Intel's latest platform makes a big change by using the new LGA 1150 socket. The socket uses less pins than previous sockets, but although there are less pins connecting the chip to the motherboard itself, the removal of pins isn't limiting functionality. Rather, the pins were removed because of a simplified power-delivery mechanism to the socket and because the main power regulation devices are now part of the chip itself. Board voltage regulation is still quite important, but rather than power quality being an issue with most value-oriented products, Intel's latest design has made it so that less expensive boards are just as capable as high-end enthusiast products when it comes time to clock your CPU. Those cheaper boards will still require more active cooling over the board VRM section, and perusing videos on YouTube by various reviewers and companies will re-iterate just that, with ASUS very plainly stating that their cheaper boards are exactly as described here: just as capable with better cooling.
That's not the only change the voltage regulation permutation brought about. Since voltage regulation for the chip's individual domains is on the chip itself, cooling required for Haswell-based CPUs has increased to a point where inexpensive but for their highly overclocked cooling performance favored coolers of past platforms aren't up to the same task with Haswell CPUs. The overall heat concentration of highly clocked Haswell chips is different due to the inclusion of the FIVR leading to very different thermal characteristics, which makes some of those $30 coolers that did great with Ivy Bridge completely useless to overclockers of Haswell platforms. Also, since the voltage sent into the chip is doled out to various parts right inside the chip, the controls offered are more complex than ever before, as are the chips and how you overclock them. The Core i7-4770K features far more flexibility than the older Core i7-3770K, with many more options in the BIOS helping you get the most out of your brand-new Haswell CPU.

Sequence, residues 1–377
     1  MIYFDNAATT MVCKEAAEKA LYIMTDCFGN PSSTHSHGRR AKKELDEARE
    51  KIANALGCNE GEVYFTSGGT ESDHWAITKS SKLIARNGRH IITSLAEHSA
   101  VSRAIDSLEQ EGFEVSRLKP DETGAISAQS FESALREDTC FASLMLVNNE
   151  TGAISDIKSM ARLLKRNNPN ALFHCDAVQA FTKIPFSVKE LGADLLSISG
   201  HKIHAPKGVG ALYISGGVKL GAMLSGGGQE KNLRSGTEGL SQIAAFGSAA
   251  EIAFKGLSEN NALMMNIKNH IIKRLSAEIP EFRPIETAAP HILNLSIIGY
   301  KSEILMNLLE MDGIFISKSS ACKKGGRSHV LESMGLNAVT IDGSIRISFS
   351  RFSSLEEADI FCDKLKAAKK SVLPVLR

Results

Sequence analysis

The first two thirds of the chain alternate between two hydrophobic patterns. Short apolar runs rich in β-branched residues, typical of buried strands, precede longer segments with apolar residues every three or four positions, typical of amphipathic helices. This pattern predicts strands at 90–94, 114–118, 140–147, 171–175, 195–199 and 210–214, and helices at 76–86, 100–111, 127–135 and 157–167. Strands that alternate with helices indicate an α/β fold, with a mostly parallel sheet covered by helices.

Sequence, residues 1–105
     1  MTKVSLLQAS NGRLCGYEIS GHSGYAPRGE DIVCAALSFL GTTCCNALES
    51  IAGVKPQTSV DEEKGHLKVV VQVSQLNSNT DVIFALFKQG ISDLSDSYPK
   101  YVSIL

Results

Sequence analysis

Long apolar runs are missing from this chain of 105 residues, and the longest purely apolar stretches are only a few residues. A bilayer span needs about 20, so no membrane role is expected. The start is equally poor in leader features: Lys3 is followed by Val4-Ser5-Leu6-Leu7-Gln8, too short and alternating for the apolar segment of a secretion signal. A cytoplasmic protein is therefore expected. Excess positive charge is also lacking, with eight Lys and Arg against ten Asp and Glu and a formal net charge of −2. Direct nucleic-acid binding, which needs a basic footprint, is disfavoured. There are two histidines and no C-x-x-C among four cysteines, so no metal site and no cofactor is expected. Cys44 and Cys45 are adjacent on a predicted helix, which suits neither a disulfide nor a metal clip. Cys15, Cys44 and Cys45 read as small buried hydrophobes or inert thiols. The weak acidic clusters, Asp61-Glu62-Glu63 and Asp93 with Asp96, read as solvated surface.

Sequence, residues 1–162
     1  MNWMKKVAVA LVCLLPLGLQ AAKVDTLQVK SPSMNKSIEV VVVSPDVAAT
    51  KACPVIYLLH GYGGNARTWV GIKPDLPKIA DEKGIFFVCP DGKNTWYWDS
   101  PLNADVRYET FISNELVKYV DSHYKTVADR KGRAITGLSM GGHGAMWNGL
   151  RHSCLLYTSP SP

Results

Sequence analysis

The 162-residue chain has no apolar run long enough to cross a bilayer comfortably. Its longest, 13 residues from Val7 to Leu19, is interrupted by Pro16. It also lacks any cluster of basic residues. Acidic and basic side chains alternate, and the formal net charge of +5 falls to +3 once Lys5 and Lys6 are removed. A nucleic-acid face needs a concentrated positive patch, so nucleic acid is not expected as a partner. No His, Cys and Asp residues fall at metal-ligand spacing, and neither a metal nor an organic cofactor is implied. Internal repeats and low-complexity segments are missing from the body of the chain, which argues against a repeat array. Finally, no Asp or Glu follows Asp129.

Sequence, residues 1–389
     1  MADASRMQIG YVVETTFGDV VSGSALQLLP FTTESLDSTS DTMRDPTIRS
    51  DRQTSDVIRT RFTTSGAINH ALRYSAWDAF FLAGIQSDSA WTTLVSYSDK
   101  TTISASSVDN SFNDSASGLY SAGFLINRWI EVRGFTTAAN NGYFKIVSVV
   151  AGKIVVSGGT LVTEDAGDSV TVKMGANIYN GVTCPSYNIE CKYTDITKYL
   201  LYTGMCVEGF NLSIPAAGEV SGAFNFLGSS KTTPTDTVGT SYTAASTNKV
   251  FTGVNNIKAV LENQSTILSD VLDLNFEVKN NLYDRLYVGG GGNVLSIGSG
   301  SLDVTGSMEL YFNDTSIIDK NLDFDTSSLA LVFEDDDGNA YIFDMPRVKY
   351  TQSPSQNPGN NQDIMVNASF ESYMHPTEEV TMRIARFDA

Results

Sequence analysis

One of the biggest changes comes in the form of available BCLK dividers. Intel's Haswell allows the BCLK of the chip itself to run at higher frequencies, although the same limits are still imposed by devices connected to the PCIe bus. The introduction of 125 MHz and 166 MHz BCLK dividers allows for much greater flexibility with memory and CPU overclocking, but PCIe devices are still part of the system, so only the same rough deviation of 15% from the base divider, either up or down, is possible. Buying a board with a PCIe slot connected to the Z87 PCH will give you greater flexibility because the base clock of the PCH always sits at the reference 100 MHz, eliminating problems with clock tolerances for PCIe devices connected to the Z87 PCH. Though most slots connected to the PCH only offer a PCIe x4 link, performance isn't affected enough to matter in memory overclocking, but it can have some impact in 3D testing. You can check out W1zzard's PCIe scaling tests using Ivy Bridge to get an idea of how PCIe scaling works HERE.
Haswell CPUs also introduce more memory multipliers (up to 2933 MHz) and more CPU multipliers (up to 80x). Another change is that the CPU's L3 cache speed is no longer derived from the CPU's speed, now featuring it's own multipliers which can auto-adjust to the workload. The iGPU portion of the chip has added flexibility too, but I don't have a lot to share on that specifically since most of us don't use it. The iGPU is much larger and has more horsepower than on past Ivy Bridge CPUs, so it can be a large source of heat, but I will address that in a moment.
In total, we've got a bigger iGPU, added dividers everywhere, and the power regulation. As evidenced by the larger TDP of the Haswell chips, all make for more heat, which has cooling change as well.